On a (far) more serious note: long-term followers of Italian politics may well remember that during her campaign last year the now Prime Minister Georgia Meloni repeatedly voiced a desire to alter the Italian Constitution by introducing a direct public vote to appoint the President of the Republic. A reminder, for those who don’t follow such things: the current system, where parliament nominates a candidate, was put in place in the 1940s to prevent a future situation in which a single Dictator figure - like, say, Mussolini - could wield too much power. Historically, efforts to alter this legislation have proved unpopular. Matteo Renzi learnt things the hard way when he put a similar proposal to referendum in 2016. Ultimately, it cost him the Premiership. Now, Meloni is trying her own luck. And I have to say it’s a risky move. There's little appetite in the public for this measure. The opposition will easily score points here - first on the basis that this is a tactic to cover up inaction on national health and employment, and second that it’s a textbook neo-fascist power-grab. Talks have only just begun, but I wanted to flag this showdown early-on as many are predicting it will be a major factor in deciding the ultimate fate of the current right-wing coalition. Frankly, let’s hope so.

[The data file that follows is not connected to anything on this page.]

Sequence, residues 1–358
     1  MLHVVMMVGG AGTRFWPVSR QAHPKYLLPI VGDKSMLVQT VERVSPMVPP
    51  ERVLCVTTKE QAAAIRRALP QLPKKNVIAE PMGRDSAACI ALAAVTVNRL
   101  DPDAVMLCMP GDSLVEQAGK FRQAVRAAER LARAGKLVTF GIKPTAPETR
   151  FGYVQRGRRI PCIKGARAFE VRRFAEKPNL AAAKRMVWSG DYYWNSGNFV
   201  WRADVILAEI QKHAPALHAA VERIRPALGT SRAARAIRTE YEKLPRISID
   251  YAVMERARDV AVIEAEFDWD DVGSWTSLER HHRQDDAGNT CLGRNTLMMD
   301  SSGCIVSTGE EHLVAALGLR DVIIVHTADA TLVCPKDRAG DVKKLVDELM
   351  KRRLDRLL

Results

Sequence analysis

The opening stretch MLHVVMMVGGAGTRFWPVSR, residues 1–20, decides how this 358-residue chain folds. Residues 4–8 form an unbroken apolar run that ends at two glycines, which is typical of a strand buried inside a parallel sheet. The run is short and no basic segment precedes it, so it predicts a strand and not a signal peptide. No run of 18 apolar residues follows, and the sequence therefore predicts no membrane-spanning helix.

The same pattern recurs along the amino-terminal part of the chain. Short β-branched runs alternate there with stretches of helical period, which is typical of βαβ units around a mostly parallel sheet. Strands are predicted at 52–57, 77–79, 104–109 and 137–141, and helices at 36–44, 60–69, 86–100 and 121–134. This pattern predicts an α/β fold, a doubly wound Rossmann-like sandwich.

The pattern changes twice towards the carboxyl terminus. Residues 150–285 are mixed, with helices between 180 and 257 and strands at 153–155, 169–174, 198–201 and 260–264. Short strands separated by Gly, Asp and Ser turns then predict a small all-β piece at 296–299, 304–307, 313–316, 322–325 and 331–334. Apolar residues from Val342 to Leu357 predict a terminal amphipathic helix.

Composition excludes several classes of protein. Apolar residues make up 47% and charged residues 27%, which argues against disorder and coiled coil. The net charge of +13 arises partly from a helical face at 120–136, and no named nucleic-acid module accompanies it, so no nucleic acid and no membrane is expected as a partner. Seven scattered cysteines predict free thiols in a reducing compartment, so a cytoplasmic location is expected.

The Guardian published a great essay this week under the following no-nonsense headline: "Global super-rich head to Italy for tax breaks and dolce vita." And for once, the reporting lives up to the frame. The author, Angela Giufredda, speaks to luxury real estate agents about a little known flat tax which – by allowing foreign investors to pay 100,000 euro and avoid property fees – has sparked a boom in billionaires purchasing property in the country. The most sought-after properties, as you might expect, are old central Italian villas and Sicilian country homes. What a surprise. What makes this new and noteworthy, however, is that this phenomenon is having a major impact on both rental and sale markets (which are both being inflated beyond any reason). Long story short, locals are being priced out of city centres in Rome and Florence while the ultra-rich are building gated enclaves to cut themselves off from the noise and bustle of the country’s street life. As a reader of this newsletter, I am 100% sure that you have, at some point, entertained a fantasy of the most high-budget kind of Italian dolce vita. I know I have. Well, these are the people who are living it. For better or worse? You be the judge.